New York City
Kind of Blue is one of those albums that's on my list for desert island selections. It's probably my most listened to album mainly because I love writing to it. Since I try to write everyday, I might listen to it three or four or more times a week. Whenever I put on Kind of Blue, I get all fired up to write mainly because the album kicks off with an inspiring So What. Coltrane was in Miles Davis band in 1959 and he has a wicked tenor sax solo on it that one music writer once described as "arpeggiated nuggets."
Some people need coffee for their morning boost. Other need bumps of blow. I just need the right music to give me the writer's shove. There's something special about mixing the warm California sun and the right amount of Miles and Coltrane.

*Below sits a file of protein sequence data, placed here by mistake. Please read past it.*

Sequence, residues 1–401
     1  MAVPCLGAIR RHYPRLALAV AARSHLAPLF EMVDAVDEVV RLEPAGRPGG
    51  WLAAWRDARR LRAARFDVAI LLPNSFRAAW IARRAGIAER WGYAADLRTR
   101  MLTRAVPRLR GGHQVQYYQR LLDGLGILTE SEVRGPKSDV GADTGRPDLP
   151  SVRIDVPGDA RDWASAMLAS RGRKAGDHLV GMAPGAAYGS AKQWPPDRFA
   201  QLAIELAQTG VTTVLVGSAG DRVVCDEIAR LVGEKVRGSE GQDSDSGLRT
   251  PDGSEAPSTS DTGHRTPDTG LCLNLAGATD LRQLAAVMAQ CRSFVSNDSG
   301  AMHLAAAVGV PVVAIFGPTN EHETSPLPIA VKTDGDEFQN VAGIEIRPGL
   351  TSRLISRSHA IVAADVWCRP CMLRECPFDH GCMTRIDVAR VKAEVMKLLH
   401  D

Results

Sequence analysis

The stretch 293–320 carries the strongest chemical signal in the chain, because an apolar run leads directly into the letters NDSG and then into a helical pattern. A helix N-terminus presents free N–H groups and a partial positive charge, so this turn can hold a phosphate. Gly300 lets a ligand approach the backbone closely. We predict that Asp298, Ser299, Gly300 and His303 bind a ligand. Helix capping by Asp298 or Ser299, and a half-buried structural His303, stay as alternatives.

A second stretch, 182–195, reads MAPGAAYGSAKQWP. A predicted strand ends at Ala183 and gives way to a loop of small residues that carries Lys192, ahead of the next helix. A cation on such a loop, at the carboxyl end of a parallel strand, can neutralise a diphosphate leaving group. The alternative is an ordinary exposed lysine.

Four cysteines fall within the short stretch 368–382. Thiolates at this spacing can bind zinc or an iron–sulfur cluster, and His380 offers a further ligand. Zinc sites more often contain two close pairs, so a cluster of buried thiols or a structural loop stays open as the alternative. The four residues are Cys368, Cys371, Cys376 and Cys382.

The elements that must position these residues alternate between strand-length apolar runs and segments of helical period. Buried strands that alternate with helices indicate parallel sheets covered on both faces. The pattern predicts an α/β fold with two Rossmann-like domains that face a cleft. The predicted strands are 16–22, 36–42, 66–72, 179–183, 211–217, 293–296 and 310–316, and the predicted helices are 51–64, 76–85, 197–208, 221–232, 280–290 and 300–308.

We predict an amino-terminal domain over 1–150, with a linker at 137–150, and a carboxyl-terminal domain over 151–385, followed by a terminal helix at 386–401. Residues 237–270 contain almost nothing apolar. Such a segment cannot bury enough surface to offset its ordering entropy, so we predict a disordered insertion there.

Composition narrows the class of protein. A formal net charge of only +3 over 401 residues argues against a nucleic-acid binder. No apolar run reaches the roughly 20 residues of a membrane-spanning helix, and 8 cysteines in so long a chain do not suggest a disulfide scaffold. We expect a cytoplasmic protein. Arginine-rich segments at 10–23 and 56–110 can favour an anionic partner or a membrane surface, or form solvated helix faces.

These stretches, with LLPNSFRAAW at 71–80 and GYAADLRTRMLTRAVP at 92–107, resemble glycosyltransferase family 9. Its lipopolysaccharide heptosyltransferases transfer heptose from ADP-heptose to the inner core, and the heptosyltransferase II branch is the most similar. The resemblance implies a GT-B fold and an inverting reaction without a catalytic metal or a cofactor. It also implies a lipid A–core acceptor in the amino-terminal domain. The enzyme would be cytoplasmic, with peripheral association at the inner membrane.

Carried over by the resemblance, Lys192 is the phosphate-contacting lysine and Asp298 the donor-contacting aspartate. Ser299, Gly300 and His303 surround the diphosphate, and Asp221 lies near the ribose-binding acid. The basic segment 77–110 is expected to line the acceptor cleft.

Sometimes Nicky wakes up at the tail end of my writing sessions with music flowing through the apartment. She announced in an extremely theatrical, yet NPR-ish voice, "You've been listen to the morning jazz hour with your host Dr. Pauly."
Most of the times I listen to Kind of Blue and have flashbacks about living in Park Slope over fifteen years ago. I lived on the top floor of a brownstone just a block away from the park with my friend Ursula, who was an artist. We shared a railroad apartment that was converted into a three-bedroom apartment. She lived in the front part overlooking the street and I lived in the back overlooking the boxed-in backyards to the other brownstones in the neighborhood. Somewhere in the middle of our elongated apartment were two little rooms that opened up into each other. That was the third bedroom. It was perfect for artistic types who could have a bedroom and a small studio/office/practice space. For some reason that middle bedroom constantly changed over tenants.